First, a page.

Howard professor returning to native Liberia

Arts community greets departure with regret

January 12, 2001|By Lisa Respers | Lisa Respers,SUN STAFF

At a recent Kwanzaa celebration, Dawn Cooper Barnes made a gesture that was indicative of why she will be sorely missed in Howard County: She humbled herself.

Barnes, a Howard Community College professor and artistic director of Aurora Dance Company, is returning at the end of the month to her native Liberia. News of her departure has brought sadness to the arts community and to colleagues who see her as a talented asset to the county.

"As soon as she told me she was going to leave, I went into a state of total desperation," said Valerie E. Costantini, chairwoman of arts and humanities at Howard Community College. "She's so valuable."

The feelings are mutual. Barnes acknowledges mixed emotions about returning to the homeland she left after a coup in 1980.

She looks forward to joining her husband, M. Nathaniel Barnes, who in 1999 was appointed the country's minister of finance. Yet she knows Liberia is no longer the country where she spent her childhood as the daughter of a surgeon and a librarian-turned-hospital administrator.

"It's like going to a new place," Barnes said. "I don't have any real close friends there anymore, and it isn't the same place that I grew up in."

Still, Barnes said, there is joy among the people of Liberia and the excitement of rebuilding a country that has struggled through political instability and a devastating civil war. Barnes said she plans to continue teaching HCC courses online and will return to teach in the summer.

"Howard County has been a very nurturing place for me," said Barnes, who teaches mass media, film, dance and arts and humanities at HCC. "It has been a place to grow, to feel safe, to raise a family and a place to really feel comfortable with who I am."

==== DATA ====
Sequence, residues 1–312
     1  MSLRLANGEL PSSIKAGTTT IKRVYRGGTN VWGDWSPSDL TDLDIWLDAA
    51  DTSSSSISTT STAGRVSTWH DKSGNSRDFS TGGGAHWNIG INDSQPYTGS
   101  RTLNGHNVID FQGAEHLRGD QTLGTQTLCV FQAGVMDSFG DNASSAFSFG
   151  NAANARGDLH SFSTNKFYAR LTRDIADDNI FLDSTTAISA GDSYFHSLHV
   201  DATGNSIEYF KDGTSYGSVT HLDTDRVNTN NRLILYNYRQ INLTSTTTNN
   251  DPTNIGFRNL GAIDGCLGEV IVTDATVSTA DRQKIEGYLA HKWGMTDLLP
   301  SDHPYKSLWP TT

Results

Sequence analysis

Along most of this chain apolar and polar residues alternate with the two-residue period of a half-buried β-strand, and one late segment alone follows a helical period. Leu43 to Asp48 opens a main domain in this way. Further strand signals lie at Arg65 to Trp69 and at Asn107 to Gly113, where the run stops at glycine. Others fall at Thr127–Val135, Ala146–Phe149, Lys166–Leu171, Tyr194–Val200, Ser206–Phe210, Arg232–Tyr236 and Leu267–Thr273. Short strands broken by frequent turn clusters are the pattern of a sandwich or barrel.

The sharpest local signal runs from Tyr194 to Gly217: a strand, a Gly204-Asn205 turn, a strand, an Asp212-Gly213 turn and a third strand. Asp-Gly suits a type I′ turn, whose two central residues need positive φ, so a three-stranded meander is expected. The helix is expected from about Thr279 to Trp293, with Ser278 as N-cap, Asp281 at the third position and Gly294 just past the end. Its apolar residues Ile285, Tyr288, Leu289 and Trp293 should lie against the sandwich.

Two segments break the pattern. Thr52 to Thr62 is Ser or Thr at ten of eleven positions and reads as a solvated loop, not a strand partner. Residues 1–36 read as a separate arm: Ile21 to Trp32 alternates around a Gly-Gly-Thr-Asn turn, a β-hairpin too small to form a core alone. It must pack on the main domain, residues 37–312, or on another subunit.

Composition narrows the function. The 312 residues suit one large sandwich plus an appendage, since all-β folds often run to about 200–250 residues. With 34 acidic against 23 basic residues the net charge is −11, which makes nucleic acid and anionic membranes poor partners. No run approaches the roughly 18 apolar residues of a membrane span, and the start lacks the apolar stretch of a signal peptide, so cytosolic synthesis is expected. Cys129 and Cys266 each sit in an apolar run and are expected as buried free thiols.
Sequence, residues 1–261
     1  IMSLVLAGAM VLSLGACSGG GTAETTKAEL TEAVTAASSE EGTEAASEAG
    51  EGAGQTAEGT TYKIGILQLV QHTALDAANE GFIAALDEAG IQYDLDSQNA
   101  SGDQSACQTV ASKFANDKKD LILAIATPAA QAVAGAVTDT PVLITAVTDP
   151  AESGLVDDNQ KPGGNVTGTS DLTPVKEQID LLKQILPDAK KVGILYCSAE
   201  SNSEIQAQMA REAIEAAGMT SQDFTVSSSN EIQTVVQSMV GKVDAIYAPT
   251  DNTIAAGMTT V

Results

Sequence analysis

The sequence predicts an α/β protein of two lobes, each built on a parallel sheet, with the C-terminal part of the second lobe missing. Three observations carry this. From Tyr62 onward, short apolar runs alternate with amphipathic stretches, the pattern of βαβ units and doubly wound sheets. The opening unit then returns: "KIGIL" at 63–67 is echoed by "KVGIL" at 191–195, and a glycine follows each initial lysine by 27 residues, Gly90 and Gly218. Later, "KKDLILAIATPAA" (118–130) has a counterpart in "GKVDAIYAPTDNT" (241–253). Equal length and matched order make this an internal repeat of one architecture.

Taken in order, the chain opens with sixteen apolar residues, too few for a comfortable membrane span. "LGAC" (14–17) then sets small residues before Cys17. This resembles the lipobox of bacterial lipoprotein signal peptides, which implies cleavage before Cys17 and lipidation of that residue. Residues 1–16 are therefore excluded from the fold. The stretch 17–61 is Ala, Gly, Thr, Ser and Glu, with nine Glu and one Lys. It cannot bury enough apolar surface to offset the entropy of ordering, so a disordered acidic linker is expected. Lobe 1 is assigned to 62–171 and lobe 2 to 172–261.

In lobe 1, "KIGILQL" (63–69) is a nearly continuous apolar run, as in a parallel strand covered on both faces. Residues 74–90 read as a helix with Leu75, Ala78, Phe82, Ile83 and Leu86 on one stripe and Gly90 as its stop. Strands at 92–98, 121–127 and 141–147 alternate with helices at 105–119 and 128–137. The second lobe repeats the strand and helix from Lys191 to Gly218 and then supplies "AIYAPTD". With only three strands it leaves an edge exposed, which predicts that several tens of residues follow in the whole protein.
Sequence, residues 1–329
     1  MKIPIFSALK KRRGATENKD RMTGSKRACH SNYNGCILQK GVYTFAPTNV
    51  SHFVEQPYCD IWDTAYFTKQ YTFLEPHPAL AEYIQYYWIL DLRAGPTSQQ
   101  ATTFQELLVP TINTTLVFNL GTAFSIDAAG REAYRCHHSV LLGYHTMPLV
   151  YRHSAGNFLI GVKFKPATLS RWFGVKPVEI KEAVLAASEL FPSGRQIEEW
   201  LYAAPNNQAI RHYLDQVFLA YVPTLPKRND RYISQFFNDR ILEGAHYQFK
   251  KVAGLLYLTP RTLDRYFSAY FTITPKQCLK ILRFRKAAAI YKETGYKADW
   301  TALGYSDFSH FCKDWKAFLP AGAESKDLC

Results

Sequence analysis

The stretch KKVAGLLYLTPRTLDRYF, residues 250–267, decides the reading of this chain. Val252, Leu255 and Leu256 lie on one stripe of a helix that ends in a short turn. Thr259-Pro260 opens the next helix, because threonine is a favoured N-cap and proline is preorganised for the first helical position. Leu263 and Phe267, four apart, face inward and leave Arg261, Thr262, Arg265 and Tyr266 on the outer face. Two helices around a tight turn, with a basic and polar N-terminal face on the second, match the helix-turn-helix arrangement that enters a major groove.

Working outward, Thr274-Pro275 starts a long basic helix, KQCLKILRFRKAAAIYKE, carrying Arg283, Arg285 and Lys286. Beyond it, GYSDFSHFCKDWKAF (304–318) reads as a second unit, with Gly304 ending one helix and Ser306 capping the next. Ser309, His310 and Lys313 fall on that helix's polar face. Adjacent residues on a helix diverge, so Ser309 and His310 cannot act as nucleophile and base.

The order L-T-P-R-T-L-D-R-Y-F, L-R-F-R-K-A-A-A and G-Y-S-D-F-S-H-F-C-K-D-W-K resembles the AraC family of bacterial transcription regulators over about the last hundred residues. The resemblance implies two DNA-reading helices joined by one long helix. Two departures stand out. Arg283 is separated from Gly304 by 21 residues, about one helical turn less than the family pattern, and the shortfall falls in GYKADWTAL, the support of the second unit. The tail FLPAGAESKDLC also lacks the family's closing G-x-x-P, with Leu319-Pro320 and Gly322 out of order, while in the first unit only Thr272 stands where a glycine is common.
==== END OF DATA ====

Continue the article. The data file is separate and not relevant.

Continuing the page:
Ellyne Brown Downs, co-director of Aurora Dance Company that Barnes founded, said she draws inspiration from Barnes.

"She has four sons, and she's always been there for them even though she had a career," Downs said. "She has such a way with children, and my son just lights up whenever he sees her."

Downs said Barnes is also hailed for bringing different styles of dance to the area.

"She formed a multicultural company," Downs said. "Her idea is that you can be a dancer but you don't have to limit yourself, so we have done everything from modern to tap in Aurora."

Wylene S. Burch, founder and executive director of the Howard County Center for African American Culture, said officials at a recent Kwanzaa celebration chose to honor Barnes for her commitment to education and the community.

Barnes thrilled Burch and others at the celebration when she knelt and touched the floor in an African gesture to honor the elders present and acknowledge that she claimed no credit for .the success that led to her being feted.

"She has been an outstanding leader in the community," Burch said. "She has done an excellent job in trying to fulfill her obligations to her country and to her family."

HCC's Costantini said Barnes has made invaluable contributions to the school, including co-directing an hourlong documentary, "Cry of the Pepperbird: Story of Liberia." Costantini said a recent reception for the documentary attracted dozens of people, including the Liberian ambassador.

Barnes said she is honored by the appreciation everyone has shown her. "I am just in awe when people say these things to me," Barnes said. "I just feel like I have been having fun here."

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